And although the narrator is a misfit whose maladaptation to the world climaxes in an act of vicious cruelty, he nevertheless wonders—plaintively? despairingly?—how different he really is from other people. His vision of a fragile, imperfect race of perverts and criminals is less an affectionate embrace for flawed humanity, or an affirmation of solidarity in folly, than it is an accusing finger, an indictment of our rush to condemn others without examining our own failings. But it is the humdrum of everyday life that is its greatest failing. The protagonist criticizes art for trying to disguise the tedium and mediocrity of life, for dressing it up in dynamic or sentimental clothes that obscure trite reality.
Thus art, traditionally the sensitive soul’s instrument for transcending the banality or horror of our mundane existence, is little consolation. The diarist’s every experience is aestheticized. “Love,” he claims, “is the most profound aesthetic experience in a person’s life,” while meticulously manicured hands seem ready for murder. This makes life itself an artistic project of sorts. Indeed, his narration of his life in diary form is extremely self-conscious, not just in the usual diary-appropriate soul-baring ways but also as a literary endeavor. And he spends much of the latter part of his musings planning to write a book, hoping that art will be a way out of his own illness and unhappiness. But he is also deeply skeptical of the enterprise, describing writing a book as “the greatest shame that an original mind can bring upon itself,” and commenting acerbically, “If we could collect all our dandruff as easily as we collect the so-called contents of our heads, it would be just as publishable.”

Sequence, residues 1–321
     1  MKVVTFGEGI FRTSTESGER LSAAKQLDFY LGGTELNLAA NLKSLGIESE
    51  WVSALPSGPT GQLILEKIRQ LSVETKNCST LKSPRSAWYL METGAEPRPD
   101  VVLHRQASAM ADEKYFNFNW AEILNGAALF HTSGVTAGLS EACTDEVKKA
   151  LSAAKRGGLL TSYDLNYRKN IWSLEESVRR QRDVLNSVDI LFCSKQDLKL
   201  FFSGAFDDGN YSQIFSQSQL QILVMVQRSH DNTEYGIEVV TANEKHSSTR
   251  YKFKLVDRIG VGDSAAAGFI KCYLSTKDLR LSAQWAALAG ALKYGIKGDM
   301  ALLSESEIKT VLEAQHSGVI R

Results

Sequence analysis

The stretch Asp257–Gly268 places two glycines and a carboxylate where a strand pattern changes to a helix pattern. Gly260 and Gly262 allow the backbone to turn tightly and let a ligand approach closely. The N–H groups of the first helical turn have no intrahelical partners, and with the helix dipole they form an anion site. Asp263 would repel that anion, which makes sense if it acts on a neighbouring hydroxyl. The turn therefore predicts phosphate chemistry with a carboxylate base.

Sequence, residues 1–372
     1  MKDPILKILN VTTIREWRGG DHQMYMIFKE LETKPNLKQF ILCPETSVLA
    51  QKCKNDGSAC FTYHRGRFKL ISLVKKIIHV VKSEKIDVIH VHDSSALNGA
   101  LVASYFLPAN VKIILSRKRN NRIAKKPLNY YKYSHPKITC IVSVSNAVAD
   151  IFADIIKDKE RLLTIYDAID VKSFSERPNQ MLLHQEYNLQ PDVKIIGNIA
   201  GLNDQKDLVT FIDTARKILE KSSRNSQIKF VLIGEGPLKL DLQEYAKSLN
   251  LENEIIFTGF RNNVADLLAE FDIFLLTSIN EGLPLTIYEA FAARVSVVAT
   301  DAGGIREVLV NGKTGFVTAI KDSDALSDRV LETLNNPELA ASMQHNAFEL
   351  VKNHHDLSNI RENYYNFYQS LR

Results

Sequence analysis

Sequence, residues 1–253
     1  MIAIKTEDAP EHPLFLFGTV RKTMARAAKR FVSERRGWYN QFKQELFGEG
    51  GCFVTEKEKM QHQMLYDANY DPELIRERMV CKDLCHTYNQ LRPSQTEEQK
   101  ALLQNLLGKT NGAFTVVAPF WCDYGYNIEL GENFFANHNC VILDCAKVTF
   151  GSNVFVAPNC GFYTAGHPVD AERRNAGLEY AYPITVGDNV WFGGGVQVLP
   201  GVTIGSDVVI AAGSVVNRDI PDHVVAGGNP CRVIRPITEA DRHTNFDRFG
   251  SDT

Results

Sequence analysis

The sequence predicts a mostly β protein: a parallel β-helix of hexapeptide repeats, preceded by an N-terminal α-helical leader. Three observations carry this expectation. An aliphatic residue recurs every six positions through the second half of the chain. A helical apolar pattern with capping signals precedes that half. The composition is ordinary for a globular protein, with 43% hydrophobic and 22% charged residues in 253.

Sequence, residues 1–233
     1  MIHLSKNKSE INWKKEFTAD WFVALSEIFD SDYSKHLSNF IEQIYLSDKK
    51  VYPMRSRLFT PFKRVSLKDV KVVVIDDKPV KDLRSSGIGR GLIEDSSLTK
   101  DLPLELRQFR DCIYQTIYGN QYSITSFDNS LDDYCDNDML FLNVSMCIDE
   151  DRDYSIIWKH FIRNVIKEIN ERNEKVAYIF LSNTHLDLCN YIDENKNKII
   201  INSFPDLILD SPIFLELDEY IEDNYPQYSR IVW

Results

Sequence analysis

How lucky we are to have the chance to read this collection of brain-dandruff, marvelously translated by Idra Novey. Novey perfectly captures the novel’s dreary atmosphere and the claustrophobic sensation of a mind gnawing off its own leg in an effort to escape from a trap. The subdued but gripping voice rehashing the past in the book’s early sections rises to a plot-driven fever pitch in the final pages, catching the reader off guard and transforming a feeling of general unease into full-fledged horror. This is a strange and menacing book, and the mischievous juxtaposition of irony and humor with malice and depravity makes it a compelling read. It offers an intriguing look at a somewhat obscure Argentinean avant-garde novel and an interesting counterpoint to other literature of the period.
Andrea Rosenberg is a literary translator from the Spanish and Portuguese. An extract from her translation of Alfredo Iriarte’s Tropical Bestiary: Dictator Chronicles appeared in Issue 23 of The Quarterly Conversation./p>